By: Regan Quaal
The Nervous System consist of three major parts the central nervous system (CNS), peripheral nervous system (PNS), and autonomic nervous system (ANS). Each system is a complex collection of nerves and neurons that transmit signals between different parts of the body, it’s basically the bodies electrical wiring.
The part of the nervous system that is most important to us is the autonomic nervous system. This part of the nervous system supplies all our internal organs based on the information it receives about the body’s state and the external environment surrounding it. Some of the body’s functions the ANS controls are
Autonomic Nervous System
The ANS has two main divisions the sympathetic nervous system and parasympathetic nervous system. Sympathetic Nervous System responds by stimulating those functions to prepare the body for stressful or emergency situations, examples below:
The Parasympathetic Nervous System responds by downregulating those functions to bring the body back to homeostasis to allow for rest and digest, examples below:
What Does This Mean To You?
To maximize training adaptations, you need to take advantage of the effects of both the sympathetic and parasympathetic nervous system.
The parasympathetic nervous system is most beneficial to us because it is the state we want to be in all day, every day outside of the time we are training. This is the state our body recovers most efficiently in due to the relaxed state and increased absorption/digestion of nutrients.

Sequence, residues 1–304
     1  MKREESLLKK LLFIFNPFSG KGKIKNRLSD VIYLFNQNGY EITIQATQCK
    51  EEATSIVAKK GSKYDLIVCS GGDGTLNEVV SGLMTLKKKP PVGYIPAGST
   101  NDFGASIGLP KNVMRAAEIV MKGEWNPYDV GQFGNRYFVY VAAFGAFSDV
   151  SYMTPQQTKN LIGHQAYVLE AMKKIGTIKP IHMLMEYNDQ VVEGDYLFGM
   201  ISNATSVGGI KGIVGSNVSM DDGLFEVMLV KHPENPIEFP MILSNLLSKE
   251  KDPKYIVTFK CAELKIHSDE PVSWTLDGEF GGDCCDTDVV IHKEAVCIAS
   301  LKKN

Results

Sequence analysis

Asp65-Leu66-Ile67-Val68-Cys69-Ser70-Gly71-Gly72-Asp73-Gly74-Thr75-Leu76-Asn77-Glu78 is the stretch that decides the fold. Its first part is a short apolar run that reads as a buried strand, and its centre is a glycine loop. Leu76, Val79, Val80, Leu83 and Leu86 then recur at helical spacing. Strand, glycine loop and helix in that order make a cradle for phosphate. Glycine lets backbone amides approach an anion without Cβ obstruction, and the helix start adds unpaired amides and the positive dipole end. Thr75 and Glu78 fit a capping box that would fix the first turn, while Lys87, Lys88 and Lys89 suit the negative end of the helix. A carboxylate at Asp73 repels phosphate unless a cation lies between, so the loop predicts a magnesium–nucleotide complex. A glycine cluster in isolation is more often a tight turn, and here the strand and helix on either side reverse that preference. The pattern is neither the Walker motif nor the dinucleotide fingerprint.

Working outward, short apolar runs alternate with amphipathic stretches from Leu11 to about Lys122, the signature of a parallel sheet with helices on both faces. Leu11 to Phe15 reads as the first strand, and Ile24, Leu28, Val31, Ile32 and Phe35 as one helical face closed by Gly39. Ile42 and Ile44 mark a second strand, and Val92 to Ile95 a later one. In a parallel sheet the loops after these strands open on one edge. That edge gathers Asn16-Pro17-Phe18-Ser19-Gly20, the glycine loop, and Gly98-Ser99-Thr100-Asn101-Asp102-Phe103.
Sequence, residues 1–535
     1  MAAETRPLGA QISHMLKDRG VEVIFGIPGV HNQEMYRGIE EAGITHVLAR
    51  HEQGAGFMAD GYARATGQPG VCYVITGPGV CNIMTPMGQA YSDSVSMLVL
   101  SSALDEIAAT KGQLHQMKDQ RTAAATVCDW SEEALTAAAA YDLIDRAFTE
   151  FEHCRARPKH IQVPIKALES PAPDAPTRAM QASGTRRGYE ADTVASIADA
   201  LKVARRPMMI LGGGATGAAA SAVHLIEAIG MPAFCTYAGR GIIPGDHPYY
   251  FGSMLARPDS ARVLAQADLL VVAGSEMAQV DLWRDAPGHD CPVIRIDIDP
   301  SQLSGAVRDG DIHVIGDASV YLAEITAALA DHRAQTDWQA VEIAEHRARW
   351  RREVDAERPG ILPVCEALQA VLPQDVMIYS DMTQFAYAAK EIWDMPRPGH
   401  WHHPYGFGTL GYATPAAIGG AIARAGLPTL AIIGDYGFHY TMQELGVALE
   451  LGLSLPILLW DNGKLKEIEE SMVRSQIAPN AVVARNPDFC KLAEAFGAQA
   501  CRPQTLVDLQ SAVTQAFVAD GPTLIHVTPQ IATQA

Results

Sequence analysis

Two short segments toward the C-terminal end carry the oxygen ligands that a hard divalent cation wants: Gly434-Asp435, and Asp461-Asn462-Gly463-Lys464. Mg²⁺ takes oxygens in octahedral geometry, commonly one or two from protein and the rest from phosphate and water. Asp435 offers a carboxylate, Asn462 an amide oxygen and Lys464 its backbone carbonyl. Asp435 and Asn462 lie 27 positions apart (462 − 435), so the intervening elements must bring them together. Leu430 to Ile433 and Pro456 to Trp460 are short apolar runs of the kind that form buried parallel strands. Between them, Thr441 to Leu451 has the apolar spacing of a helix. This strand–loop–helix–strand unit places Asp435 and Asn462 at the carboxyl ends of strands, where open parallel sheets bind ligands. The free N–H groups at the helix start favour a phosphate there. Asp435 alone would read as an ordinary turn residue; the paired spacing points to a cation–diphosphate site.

Engaging the parasympathetic nervous system can also be very beneficial in your daily training routine during cool downs after training, to shift your body immediately into a recovery state. It would also be beneficial for individuals who tend burn out early in workouts to be in a parasympathetic state prior to training.
Inducing the effects of the sympathetic nervous system for its benefits also has its time and place. Specifically, before an important session in a strength cycle or one where you will be attempting a new personal record for a lift. Everyone knows the weight feels lighter when your surrounded by your yelling training partners while the music is blasting. This environment ignites our SNS, giving us tunnel vision and causing short/shallowing breathing as we brace for the big lift.
Although it feels great to hit those PR’s relying on the SNS for prolonged periods of time can lead to burn out/over training. This is due to the higher level of cortisol release and fatigue buildup it causes. A perfect example of this burnout is any young athlete (myself included) who just starts Cross Fit. They think it is the best thing ever, they don’t take rest days and go 100% every workout. Pretty soon they find themselves either extremely run down or injured.
That’s why it is ideal to only rely on the SNS sparingly when you have a very important training session or competition. This approach will lead to steady improvement over long periods of time versus large improvements initially that plateau quickly. In one of the following articles I will go over different techniques to either stimulate the sympathetic or parasympathetic nervous system.